While outdoor adventure and extreme hiking and climbing are thrilling experiences, they are not worth dying for. Make certain that you hike in a group or at least with another person. I have often hiked alone but when I do, I run the risk of becoming the headline for the next news cycle. Be prepared and know the limits of your experience level. Don’t test the weather up in the mountains. Save your ascent for a nice sunny day and hopefully you will see your next sunrise.
Now, on to 10,360-foot-high Toledo Peak, which is a distinct summit that rises dramatically above the town of Alta to the north on the ridge that separates Little and Big Cottonwood Canyons. The peak sits atop the ridge between Cardiff Pass and 10,530 foot-high Flagstaff Mountain and looms above Toledo Bowl, which is named after the mine that produced millions of dollars of silver ore in the late 1800s.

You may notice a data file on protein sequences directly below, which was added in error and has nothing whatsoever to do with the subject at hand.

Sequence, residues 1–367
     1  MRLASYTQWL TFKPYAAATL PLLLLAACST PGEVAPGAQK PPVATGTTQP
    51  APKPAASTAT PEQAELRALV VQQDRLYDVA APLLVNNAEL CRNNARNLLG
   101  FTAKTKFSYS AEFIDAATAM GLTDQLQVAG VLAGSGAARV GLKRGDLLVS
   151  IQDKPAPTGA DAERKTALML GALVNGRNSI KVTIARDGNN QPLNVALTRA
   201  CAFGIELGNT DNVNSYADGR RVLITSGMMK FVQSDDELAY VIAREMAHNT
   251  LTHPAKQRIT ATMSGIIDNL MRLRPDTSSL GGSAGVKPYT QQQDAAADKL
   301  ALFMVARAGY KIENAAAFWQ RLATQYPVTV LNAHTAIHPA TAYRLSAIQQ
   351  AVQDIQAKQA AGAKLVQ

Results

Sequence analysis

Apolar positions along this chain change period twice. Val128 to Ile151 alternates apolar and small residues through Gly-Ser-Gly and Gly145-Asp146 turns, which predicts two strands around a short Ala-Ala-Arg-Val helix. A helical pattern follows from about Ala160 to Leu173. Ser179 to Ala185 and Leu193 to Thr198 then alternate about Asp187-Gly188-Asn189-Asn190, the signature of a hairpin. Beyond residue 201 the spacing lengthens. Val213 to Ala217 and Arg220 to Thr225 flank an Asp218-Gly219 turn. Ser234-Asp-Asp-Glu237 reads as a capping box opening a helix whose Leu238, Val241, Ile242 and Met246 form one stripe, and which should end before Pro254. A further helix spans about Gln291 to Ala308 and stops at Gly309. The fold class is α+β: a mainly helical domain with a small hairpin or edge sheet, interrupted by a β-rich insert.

Many of the surrounding peaks and terrain features, like Flagstaff, Emma, Grizzly Gulch, etc., are named for old mines that made Alta one of the most notorious boom towns of the Old West. Toledo Bowl is conspicuously clear of large stands of evergreens or aspens because of massive avalanches that charge down the bowl each winter.
Toledo Peak and its surrounding area offer numerous trail choices from beginning to expert. They are all relatively short routes, which makes this area convenient for the hiker who does not have all day.